Canadian Forest Service Publications
Paradigm shifts in habitat ecology of threatened Newfoundland martens. 2010. Hearn, B.J.; Harrison, D.J.; Fuller, A,K.; Lundrigan, C.; Curran, W.J. Journal of Wildlife Management 74: 719-728.
Available from: Atlantic Forestry Centre
Catalog ID: 31733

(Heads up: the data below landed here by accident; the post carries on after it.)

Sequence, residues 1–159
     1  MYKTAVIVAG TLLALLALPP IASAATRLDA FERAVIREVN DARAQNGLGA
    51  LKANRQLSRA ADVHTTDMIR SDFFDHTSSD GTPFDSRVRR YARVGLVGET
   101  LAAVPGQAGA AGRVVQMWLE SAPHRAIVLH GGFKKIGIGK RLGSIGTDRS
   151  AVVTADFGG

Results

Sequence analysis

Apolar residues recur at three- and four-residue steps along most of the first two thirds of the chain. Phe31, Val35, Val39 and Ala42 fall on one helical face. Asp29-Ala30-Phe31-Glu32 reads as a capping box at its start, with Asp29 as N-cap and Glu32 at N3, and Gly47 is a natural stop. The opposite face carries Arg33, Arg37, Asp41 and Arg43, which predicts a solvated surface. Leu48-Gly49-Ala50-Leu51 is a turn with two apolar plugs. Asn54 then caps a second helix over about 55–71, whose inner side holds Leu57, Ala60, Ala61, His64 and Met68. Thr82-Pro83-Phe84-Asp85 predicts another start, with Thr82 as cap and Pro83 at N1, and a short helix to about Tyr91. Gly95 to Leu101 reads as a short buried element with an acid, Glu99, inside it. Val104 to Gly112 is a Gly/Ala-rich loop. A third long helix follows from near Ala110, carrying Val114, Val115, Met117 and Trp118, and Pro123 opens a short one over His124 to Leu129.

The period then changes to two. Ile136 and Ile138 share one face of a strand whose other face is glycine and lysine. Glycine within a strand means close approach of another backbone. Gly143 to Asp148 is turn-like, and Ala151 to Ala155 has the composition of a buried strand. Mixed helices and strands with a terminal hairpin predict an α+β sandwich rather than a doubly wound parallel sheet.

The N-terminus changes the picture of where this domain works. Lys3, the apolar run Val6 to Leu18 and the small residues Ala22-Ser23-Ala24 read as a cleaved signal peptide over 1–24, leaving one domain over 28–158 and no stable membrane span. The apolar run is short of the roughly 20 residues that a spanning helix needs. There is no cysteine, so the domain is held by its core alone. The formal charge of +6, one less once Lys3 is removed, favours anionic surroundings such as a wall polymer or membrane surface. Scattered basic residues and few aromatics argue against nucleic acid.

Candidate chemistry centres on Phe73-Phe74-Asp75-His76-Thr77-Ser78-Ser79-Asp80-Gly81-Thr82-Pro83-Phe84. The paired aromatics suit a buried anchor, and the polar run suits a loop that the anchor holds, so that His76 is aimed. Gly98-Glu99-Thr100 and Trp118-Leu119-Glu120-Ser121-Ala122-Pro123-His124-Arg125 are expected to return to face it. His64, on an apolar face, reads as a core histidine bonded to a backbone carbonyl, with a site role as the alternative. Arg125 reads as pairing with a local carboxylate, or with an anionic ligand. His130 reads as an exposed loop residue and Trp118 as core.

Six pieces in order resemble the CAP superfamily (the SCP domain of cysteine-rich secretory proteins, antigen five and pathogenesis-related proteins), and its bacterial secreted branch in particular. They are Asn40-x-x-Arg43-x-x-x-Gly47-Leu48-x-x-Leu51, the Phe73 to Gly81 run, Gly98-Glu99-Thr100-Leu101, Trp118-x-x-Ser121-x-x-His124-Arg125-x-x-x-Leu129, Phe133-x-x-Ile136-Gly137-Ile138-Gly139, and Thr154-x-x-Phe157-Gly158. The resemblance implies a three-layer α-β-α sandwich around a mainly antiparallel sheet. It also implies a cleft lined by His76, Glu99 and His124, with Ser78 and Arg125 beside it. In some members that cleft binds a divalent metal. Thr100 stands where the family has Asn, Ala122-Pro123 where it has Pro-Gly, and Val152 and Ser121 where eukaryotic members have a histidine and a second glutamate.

We evaluated multiscale habitat selection by threatened Newfoundland (Canada) martens (Martes americana atrata) across landscapes comprised of a range of habitat types to test the hypothesis that martens preferred mature (61-80-yr-old) and overmature (.80 yr) conifer stands. At both the landscape and stand scales, adult ( L1 yr) resident martens (n 5 58, 92 yr-specific home ranges) selected for, or used in proportion to availability, a broad range of habitat types, including recent cuts M5 yr old, regenerating forest ,6.5 m, precommercially thinned stands, and mature and overmature forest. Marten home ranges were not dominated by mature and overmature forest; median availability of mature and overmature forest within individual home ranges was only 30% (range 5 11-76%). Age distributions were not different among martens with high, intermediate, and low quantity of mature and overmature forest in their home range; our data do not indicate that martens inhabiting ranges with little mature and overmature forest were compromising fitness. Habitat selection by martens in Newfoundland was more generalized than has traditionally been inferred, and we suggest that inherent landscape fragmentation, in combination with absence of many predators and competitors (i.e., ecological release), caused the Newfoundland marten to evolve to use a more generalized habitat niche than many mainland populations of American martens. We recommend that landscapes suitable for marten not exceed .29% younger aged forest. Maintaining resident martens in landscapes where forest harvesting is occurring requires prescriptions that recognize the highly fragmented nature of the natural landscape, the prevalence of mature and overmature forest, younger forests, avoided landcover types, and human access.